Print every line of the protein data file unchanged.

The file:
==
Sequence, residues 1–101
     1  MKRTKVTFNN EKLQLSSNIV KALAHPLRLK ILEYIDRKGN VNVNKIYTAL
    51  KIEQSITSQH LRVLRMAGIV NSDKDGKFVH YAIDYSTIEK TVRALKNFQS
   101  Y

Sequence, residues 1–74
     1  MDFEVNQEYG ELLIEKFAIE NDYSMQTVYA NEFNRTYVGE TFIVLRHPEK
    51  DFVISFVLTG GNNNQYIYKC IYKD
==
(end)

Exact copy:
Sequence, residues 1–101
     1  MKRTKVTFNN EKLQLSSNIV KALAHPLRLK ILEYIDRKGN VNVNKIYTAL
    51  KIEQSITSQH LRVLRMAGIV NSDKDGKFVH YAIDYSTIEK TVRALKNFQS
   101  Y

Sequence, residues 1–74
     1  MDFEVNQEYG ELLIEKFAIE NDYSMQTVYA NEFNRTYVGE TFIVLRHPEK
    51  DFVISFVLTG GNNNQYIYKC IYKD